Part I: Analysis and Goal Setting
Conduct a life goals analysis as a basis for setting meaningful financial goals for accomplishing them. Once you have an idea of where you want to go, you will be in a better position to plan how to get there.
In 250-500 words, identify what major life goals you want to accomplish and why, including the degree to which you expect to have them accomplished 10 years from now. Again, assume you have already set your 1-year and 5-year financial goals.
Next, evaluate, but do not present, your current financial position by assessing your income, expenses, assets, and liabilities.
Using the information you have gathered so far, write a 500-750 word analysis explaining how you determined your personal financial goals. Your analysis should accomplish the following:
- Identify those parts of the financial plan that fit your goals (e.g., Liquidity, Retirement).
- Identify two to five financial goals that are specific, measurable, attainable, realistic, and timely. Include the factors you considered to set your goals. For example, describe the role your personal financial statement and balance sheet played in informing your goals.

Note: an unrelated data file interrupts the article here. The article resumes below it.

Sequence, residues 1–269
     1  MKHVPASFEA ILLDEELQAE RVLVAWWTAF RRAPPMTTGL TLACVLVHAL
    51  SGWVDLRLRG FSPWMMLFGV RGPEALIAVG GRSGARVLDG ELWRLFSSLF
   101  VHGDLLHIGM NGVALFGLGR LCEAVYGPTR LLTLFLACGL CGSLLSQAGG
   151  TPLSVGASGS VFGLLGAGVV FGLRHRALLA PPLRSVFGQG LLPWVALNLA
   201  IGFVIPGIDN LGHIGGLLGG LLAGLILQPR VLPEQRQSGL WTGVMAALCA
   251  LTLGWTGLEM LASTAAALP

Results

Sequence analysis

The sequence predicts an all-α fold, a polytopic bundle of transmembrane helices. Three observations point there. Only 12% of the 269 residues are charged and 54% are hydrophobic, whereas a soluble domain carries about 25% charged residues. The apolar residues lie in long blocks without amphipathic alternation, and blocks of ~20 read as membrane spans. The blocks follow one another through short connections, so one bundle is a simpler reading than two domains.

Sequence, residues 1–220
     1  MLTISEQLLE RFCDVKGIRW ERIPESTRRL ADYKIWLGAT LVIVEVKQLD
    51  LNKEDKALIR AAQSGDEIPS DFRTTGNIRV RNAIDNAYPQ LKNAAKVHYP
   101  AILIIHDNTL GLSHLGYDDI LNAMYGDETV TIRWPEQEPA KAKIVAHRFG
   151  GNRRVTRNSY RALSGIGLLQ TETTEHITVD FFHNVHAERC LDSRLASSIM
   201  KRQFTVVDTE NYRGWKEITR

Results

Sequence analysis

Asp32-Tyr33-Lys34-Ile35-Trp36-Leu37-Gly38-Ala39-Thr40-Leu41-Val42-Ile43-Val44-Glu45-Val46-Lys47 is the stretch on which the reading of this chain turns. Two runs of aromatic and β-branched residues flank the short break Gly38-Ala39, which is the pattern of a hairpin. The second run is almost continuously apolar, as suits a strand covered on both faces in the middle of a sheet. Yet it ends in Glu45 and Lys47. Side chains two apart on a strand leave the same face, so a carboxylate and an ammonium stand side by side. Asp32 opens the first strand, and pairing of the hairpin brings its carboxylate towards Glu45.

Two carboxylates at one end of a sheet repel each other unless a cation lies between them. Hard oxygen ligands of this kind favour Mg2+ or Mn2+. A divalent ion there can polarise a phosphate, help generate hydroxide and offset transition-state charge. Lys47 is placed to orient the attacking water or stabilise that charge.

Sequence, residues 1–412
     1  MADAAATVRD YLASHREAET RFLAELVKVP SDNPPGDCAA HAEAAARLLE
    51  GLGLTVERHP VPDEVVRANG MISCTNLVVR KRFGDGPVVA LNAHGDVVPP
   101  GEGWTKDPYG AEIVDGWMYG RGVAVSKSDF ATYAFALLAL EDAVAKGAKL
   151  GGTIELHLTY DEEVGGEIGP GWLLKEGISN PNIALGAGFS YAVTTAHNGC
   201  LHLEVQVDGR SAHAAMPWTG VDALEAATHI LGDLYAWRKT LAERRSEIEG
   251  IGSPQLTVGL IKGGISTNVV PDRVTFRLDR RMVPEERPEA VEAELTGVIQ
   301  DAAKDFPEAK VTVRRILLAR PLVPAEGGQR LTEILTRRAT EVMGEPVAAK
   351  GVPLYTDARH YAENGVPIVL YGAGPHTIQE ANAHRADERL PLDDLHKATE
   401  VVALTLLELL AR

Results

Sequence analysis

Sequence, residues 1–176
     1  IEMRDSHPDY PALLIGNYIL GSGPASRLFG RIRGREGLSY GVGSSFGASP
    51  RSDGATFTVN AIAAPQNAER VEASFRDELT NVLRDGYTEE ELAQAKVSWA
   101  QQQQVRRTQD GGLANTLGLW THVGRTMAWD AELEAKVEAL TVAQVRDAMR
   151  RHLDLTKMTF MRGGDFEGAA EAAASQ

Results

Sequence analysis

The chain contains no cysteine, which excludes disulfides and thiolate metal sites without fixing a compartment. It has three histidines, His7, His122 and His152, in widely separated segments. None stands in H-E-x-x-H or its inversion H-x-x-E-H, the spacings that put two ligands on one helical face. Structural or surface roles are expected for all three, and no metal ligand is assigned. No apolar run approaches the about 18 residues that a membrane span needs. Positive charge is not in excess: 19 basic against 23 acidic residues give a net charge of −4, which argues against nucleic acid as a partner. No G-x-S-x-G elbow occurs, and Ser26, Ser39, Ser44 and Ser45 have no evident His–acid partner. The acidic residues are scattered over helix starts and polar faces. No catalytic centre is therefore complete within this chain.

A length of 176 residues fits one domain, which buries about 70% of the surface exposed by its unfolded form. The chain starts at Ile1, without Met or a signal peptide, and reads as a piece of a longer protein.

Include specific terminology and concepts from your classroom readings, such as factors affecting cash flows, forecasting, budgeting, etc.
Support your analysis and goals by citing three to five references
Part II: Implementation Plan and Rationale
Write a 500-750 word summary in which you describe the practices you will implement to manage your personal financial plan and meet your goals. There are the six major components of financial plan: Planning Tools, Managing Liquidity, Financing (Loans Large and Small), Protecting Your Wealth ( Assets and Income-Insurance Options), Investing Your Money, Planning Your Retirement and Estate. Provide an explanation of why your implementation plan for managing the six components and meeting your personal finical goals will be effective. Discuss ways to assess whether or not your goals have been met.
Include specific terminology and concepts from your classroom readings, such as timeline, law code, loss prevention, etc.